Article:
10 badminton facts

10 facts about badminton

Learn 10 things you didn't know about badminton, from the present day to the Olympics.

1. It’s an easy but effective way to stay active

According to our calorie calculator, a 50-year-old weighing 70kg can burn 385 calories during an hour of social badminton. And aside from calorie burning, keeping active gives you more energy, relieves stress and boosts your mood.

2. It can be fast and furious

Badminton is the fastest racket sport, with shuttles clocking up speeds in excess of 200mph. The fastest badminton hit in competition was 332kph (206mph) by Fu Haifeng of China during the 2005 Sudirman Cup.

3. Or slow and steady

With shuttlecocks drifting easily across the court, it’s easy to keep a gentle rally going. Badminton England’s ‘No Strings Badminton’ places you in games with people of your own standard, so the game remains fun and relaxed.

4. It has a long history…

The origins of badminton probably lie in shuttlecock games played more than 2,000 years ago in Greece, China and India, but the British game was born in Gloucestershire in 1873, at Badminton, the country estate of the Duke of Beaufort. The first official badminton club was established in 1877 in Bath.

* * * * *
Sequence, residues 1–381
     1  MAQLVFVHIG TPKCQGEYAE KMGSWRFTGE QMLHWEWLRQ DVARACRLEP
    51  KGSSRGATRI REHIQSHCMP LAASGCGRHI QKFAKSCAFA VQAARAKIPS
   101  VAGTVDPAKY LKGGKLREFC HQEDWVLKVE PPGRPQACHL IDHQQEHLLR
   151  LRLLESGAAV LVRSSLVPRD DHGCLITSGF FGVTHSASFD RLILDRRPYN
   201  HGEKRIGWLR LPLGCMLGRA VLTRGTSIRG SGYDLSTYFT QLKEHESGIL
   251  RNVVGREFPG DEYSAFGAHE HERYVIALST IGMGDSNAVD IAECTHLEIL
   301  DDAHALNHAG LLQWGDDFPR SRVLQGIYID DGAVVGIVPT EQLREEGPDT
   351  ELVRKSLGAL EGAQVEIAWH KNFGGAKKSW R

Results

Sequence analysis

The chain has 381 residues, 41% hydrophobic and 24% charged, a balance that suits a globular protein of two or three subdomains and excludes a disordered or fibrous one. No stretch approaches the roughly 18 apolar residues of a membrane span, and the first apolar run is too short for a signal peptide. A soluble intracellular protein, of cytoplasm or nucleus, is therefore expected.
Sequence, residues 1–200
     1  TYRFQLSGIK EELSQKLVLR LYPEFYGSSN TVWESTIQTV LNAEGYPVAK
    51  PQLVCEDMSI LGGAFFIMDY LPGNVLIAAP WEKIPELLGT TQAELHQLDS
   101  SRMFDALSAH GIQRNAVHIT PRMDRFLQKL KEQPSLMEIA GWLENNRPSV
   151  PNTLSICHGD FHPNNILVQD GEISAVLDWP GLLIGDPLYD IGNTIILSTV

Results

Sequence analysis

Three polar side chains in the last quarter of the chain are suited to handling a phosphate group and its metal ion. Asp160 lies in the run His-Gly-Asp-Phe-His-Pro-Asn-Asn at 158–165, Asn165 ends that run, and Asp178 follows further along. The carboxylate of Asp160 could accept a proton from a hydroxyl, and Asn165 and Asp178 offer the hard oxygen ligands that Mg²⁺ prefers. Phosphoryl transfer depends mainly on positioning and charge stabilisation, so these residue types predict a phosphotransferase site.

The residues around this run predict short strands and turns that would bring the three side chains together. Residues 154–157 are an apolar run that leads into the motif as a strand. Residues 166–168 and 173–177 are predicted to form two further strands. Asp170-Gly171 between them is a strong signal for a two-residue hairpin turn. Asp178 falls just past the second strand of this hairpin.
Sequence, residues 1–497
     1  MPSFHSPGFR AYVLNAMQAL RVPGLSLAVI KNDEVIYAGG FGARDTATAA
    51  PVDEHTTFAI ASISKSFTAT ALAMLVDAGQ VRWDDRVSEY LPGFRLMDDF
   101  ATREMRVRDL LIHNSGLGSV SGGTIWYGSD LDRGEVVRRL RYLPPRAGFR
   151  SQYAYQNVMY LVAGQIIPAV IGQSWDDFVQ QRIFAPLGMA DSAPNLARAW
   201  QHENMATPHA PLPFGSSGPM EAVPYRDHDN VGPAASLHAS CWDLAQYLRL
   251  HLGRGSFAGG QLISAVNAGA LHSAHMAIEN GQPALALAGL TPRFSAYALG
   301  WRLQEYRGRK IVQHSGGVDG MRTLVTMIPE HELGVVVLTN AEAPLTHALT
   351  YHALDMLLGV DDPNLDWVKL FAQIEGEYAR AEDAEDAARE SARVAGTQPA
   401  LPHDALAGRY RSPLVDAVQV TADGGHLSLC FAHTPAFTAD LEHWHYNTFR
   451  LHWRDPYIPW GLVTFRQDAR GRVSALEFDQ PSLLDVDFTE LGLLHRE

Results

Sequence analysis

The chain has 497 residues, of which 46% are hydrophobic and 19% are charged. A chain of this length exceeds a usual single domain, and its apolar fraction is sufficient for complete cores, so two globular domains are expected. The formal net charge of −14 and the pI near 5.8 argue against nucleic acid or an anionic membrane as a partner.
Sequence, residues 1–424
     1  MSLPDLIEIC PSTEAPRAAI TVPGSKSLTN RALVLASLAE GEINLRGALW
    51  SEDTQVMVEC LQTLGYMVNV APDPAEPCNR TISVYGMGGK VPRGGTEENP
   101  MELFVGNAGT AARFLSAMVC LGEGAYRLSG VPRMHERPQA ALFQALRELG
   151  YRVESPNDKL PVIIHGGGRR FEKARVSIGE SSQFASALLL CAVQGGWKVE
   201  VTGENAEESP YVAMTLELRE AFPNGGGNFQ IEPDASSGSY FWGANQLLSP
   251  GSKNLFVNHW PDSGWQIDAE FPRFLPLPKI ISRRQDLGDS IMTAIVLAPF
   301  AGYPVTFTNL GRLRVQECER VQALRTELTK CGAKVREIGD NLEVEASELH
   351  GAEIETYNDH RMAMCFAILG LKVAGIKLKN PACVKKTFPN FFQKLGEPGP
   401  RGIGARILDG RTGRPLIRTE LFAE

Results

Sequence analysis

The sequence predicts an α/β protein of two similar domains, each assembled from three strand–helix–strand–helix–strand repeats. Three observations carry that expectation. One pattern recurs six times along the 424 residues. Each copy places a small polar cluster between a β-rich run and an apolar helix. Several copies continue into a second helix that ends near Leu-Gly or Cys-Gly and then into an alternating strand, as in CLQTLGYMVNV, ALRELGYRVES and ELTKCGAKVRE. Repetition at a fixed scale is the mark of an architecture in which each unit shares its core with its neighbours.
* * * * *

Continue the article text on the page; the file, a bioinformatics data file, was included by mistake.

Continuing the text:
5. …but only recently became an Olympic sport

Badminton only became an Olympic sport in 1992, at the Barcelona games.

6. There are interesting ways of sourcing equipment

The best shuttlecocks are supposedly made from the left wing of a goose, and some players still use rackets with strings made from the dried stomach lining of cows or cats. We’re not here to judge…

7. It’s social

If you join one of the UK’s more than 2,000 clubs, badminton can be a great social activity. And if you fancy a low-key game, you don’t have to get all your family and friends involved. All you need is one willing partner, so you can play as often as you like.

8. It keeps hearts happy

Its flexible pace makes badminton a great activity for those with heart conditions. Regular play is also great for keeping hearts healthy, conditioning and strengthening the heart muscle, reducing hypertension and limiting the risk of blood vessels clogging.

9. It’s undergone a name change

The game was originally called ‘battledore and shuttlecock’. With Game of Thrones characters being just about the only people now able to pull off that sort of language, we can see why it changed to ‘badminton’.

10. And with so much to recommend it, it’s no surprise that it’s popular

The BBC Sport Academy has hailed badminton the second most popular participation sport in the world, with football coming top.

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